There was a policy briefing for employees before the press had their chance, and the Q&A was unscripted and uncensored. The eight executives in attendance shared their true feelings with the crowd.
Say hello to your opposition
There was a live broadcast for all those employees who couldn't make it in person to the policy briefing.
At this point, Tomikawa offered up questions from the different regions.
—How do I deal with those who try to get in the way when I try to take on a new challenge?
It doesn't say if they mean from inside the company or outside.
A new challenge means changing the setup or methods you've used in your work, so it really is easy to feel resistant to change.
There are also some elements that look right from one viewpoint, but when viewed from the opposite side look negative.
But you're probably both saying the same thing. That you just want to make better cars.
But if you don't consider the other's feelings, then you just start to think, “Why don't they understand? They're just standing in the way.”
Now, at Toyota, we're trying to take a more holistic viewpoint with the “YOU perspective.” So, if you try stepping back and looking at cars as a whole, thinking about what's actually good, you might find that they're not getting in the way at all.
People like that could actually just be filled with true passion, and if you get them on your side, they'll be amazing partners.
I think things would get better if everyone tried to take the other's viewpoint and share it.
Mr. Nakajima and I don't really think about carmaking the same way, after all. (Laughs)
Vice President Nakajima
We really don't. We argue a lot!
But when we get deep into conversation, about what we want to make and for what kind of customers, we really understand each other, like “So, this is what you meant by what you said, Koji,” and “So, that's what you want to do, Nakajima.”
So, if there's someone resisting you, first, you should say “thank you.” When someone opposes you, but you still manage to share (your ideals), it boosts your power by two or three times. So, when you encounter resistance, start off by saying “hello!” (Laughs)
This certainly is a team approach, and with Koji as the new captain, I'm starting to see how you will manage as a team. It could really come in handy when your opinion differs from those around you, and things just don't seem to be going well.
The next thrilling car?
—Last year, we released two very thrilling cars in the new Crown and Prius, so will similarly thrilling cars come out this year and next?
This question was addressed to CBO Humphries. It was just the kind of thing every car lover at Toyota wants to know.
“How much can I say?” Humphries wondered as he looked at the others around him. Tomikawa reassured him, “Just whatever you can”, and the response was “We have so many!”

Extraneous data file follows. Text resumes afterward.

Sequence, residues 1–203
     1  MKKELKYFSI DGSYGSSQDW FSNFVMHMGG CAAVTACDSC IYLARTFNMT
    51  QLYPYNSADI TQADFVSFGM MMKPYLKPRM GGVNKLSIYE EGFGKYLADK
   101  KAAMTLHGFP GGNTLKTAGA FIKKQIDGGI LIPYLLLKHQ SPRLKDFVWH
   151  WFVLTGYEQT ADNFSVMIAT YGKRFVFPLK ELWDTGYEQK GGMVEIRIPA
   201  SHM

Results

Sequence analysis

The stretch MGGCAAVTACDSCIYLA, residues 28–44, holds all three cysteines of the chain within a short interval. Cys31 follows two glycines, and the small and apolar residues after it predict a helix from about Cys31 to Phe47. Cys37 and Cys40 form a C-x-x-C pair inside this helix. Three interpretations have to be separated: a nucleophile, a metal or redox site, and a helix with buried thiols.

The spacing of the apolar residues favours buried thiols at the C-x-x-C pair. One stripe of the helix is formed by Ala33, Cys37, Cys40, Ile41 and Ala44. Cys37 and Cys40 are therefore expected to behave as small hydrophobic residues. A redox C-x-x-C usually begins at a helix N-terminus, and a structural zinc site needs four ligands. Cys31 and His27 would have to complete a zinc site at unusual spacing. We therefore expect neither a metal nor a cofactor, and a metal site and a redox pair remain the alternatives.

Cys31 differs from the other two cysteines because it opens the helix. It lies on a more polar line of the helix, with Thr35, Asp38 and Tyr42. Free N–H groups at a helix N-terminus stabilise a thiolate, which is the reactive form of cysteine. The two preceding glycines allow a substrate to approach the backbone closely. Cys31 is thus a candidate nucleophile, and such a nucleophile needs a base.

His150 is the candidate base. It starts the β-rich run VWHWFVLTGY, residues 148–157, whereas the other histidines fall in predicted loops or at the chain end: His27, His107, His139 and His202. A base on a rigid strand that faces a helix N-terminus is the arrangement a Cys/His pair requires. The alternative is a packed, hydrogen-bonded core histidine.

“The (censored car) is coming out this year. That's going to be so cool. And the (censored car) will be cool, too. Oh, and then...” he went on, and on.
After he'd run down the list, he said, “I think this is going to be a very big year. Look forward to it!” and the crowd went wild.
Meanwhile, CCO Nagata and CPO Shingo exchanged looks. “He spilled everything!” they said with a grimace.
A request from CCO Nagata
The last question was a fantastical one aimed at President Sato, who often talked about how “making cars is fun” in all kinds of venues.
—If money was no object, what kind of car would you like to make?
I think this is a question about mobility. Well, Koji, how about for the future?
Forgetting about money, I do have this desire to create “the one car” I can't help but love, that responds perfectly to my control, based on my own ideas.
If I did have the money, I'd like to make a car that was one of a kind and you couldn't find anywhere else.
That day, at the entrance ceremony, President Sato had said, “On this special day, we wanted cars to play a starring role in the memories we make. We want you to feel that you, too, are now carmakers,” and the executives had displayed their favorite cars. There were Lexus, Crown, Corolla, and other models, and each represented “the one car” for the members of this new team.
I think this company is filled with car lovers. That's why I want us to be able to keep making cars that lots of people can enjoy driving.
And it really would have been good if Mr. Nagata had brought that other car, not the Supra.
It seems that CCO Nagata has a favorite car that’s not a Toyota. It wasn’t named, but when the mic went to CCO Nagata, he made this request to President Sato and Vice President Nakajima:
(As a non-engineer) I don't make cars, but please, Koji, Mr. Nakajima, make a convertible. Toyota just doesn't have many cars like that. Please!
I really wanted to bring my convertible, but the badge (brand) is different, so I didn’t.
CCO Nagata's plea got the biggest round of applause of the day.
The Q&A session took around an hour and ended with a celebratory mood. To close things, President Sato said, “I wanted to share the personality of the new team, how they think, and the mood here.” It certainly seemed to have lessened the distance between the team and their employees.